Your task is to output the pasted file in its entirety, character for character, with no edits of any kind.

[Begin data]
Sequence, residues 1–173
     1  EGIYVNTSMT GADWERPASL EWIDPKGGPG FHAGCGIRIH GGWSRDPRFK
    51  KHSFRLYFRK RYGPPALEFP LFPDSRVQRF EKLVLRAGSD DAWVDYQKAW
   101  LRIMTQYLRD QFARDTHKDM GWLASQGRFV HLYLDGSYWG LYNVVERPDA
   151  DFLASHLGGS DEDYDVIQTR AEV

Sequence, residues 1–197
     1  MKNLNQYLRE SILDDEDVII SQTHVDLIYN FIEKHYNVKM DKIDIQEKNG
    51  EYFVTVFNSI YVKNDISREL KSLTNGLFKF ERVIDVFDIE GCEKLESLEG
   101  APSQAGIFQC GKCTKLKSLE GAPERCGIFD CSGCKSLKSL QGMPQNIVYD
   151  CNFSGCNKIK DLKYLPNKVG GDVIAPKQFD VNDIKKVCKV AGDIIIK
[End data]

Sequence, residues 1–173
     1  EGIYVNTSMT GADWERPASL EWIDPKGGPG FHAGCGIRIH GGWSRDPRFK
    51  KHSFRLYFRK RYGPPALEFP LFPDSRVQRF EKLVLRAGSD DAWVDYQKAW
   101  LRIMTQYLRD QFARDTHKDM GWLASQGRFV HLYLDGSYWG LYNVVERPDA
   151  DFLASHLGGS DEDYDVIQTR AEV

Sequence, residues 1–197
     1  MKNLNQYLRE SILDDEDVII SQTHVDLIYN FIEKHYNVKM DKIDIQEKNG
    51  EYFVTVFNSI YVKNDISREL KSLTNGLFKF ERVIDVFDIE GCEKLESLEG
   101  APSQAGIFQC GKCTKLKSLE GAPERCGIFD CSGCKSLKSL QGMPQNIVYD
   151  CNFSGCNKIK DLKYLPNKVG GDVIAPKQFD VNDIKKVCKV AGDIIIK